Ethical Leadership and Rewards in Global Investment Banking: Preventing the Dark Side


Student thesis: Doctoral Thesis

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Award date1 Dec 2021


The frequency of unethical behavior in the banking industry is alarming. The general problem is that even with strong regulatory oversight and efforts by the banks to strengthen their internal controls, unethical behavior continues to persist in the banking industry. The specific problem is that, while ethical leadership explicitly promotes ethical behavior, the reward system may be implicitly encouraging unethical behavior, and more needs to be known about how employees respond to conflicting messages from ethical leadership and rewards. Therefore, the purpose of this quantitative study was to survey front office employees at a global investment bank, to investigate the interaction between ethical leadership and rewards and their effect on employee’s organizational citizenship behaviors (OCB). This study aims to understand to what extent does (1) ethical leadership influence OCB (2) perceived rewards for financial performance influences OCB and (3) ethical leadership create a situation where perceived rewards for financial performance leads to OCB. The research questions in this study were explored using a multiple regression model of 92 front office employees from a global investment bank.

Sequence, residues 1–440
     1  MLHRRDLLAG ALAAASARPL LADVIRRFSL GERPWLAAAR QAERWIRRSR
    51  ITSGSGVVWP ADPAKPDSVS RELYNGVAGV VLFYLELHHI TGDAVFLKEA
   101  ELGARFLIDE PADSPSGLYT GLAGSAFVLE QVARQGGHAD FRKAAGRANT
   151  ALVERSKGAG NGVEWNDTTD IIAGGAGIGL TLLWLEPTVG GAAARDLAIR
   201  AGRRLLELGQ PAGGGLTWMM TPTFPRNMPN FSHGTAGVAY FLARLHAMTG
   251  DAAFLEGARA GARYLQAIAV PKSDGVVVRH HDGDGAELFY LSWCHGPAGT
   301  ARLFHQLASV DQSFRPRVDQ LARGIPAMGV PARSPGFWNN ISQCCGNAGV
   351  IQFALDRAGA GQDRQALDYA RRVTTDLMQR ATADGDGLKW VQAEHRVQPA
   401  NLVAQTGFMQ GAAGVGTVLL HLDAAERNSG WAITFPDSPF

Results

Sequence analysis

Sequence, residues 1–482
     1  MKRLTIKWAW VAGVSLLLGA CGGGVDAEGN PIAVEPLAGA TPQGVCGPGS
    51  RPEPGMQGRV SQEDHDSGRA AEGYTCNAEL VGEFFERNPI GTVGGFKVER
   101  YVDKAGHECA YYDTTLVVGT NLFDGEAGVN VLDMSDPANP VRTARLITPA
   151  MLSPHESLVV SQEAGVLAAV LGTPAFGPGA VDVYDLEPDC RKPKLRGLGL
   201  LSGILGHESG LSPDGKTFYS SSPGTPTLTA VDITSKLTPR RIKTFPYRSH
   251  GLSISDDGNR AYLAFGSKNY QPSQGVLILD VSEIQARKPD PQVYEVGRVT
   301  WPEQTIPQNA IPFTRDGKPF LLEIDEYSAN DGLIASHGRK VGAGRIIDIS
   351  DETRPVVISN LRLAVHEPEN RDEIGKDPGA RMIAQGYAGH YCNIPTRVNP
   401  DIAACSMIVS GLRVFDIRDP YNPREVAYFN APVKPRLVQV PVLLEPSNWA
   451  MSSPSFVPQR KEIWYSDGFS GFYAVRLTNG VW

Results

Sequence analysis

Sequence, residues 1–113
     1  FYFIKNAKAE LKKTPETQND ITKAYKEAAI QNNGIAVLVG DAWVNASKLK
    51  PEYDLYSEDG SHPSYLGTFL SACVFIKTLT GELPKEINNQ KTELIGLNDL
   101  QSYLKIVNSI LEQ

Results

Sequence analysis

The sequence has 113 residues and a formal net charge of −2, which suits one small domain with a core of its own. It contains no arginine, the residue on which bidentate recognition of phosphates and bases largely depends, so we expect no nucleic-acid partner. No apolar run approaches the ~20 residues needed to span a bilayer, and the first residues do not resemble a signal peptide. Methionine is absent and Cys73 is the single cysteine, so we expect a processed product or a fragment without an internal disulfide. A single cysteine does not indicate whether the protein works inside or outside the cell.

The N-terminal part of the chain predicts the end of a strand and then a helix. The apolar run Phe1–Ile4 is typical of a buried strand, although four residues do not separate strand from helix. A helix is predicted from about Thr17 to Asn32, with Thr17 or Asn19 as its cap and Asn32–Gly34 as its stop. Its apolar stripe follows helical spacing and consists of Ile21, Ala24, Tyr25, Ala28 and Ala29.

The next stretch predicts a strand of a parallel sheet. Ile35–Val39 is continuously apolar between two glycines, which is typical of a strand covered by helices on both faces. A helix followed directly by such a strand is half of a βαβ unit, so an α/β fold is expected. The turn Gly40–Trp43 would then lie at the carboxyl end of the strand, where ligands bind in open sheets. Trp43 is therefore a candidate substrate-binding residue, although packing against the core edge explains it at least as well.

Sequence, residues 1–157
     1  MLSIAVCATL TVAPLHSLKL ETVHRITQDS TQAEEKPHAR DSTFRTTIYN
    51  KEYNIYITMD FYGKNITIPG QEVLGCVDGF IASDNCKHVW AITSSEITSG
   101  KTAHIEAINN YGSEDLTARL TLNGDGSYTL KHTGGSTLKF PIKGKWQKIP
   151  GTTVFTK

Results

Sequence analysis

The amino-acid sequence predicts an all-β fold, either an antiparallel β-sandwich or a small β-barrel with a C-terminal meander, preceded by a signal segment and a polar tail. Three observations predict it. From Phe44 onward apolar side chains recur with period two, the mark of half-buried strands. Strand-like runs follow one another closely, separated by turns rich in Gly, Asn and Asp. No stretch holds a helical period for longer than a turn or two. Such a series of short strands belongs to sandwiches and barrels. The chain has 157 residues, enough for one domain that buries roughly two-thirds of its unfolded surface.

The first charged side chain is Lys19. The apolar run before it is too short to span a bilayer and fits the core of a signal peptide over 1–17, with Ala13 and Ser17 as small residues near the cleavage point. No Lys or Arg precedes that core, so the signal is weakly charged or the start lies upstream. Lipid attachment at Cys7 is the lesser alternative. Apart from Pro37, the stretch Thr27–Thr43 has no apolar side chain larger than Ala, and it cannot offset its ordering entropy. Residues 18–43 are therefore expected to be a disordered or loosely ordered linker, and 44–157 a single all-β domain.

This study found that ethical leadership is associated with OCB. There was no significant association between perceived rewards for financial performance and OCB. Ethical leadership moderates the relationship between perceived rewards for financial performance and OCB, such that the relationship between perceived rewards for financial performance and OCB is stronger when ethical leadership is high. Future studies are recommended to examine other conditions where moral manager behaviors can mitigate the unintended consequences of rewards. Senior management at banks should design training programs to promote the practice of ethical leadership within their leadership teams.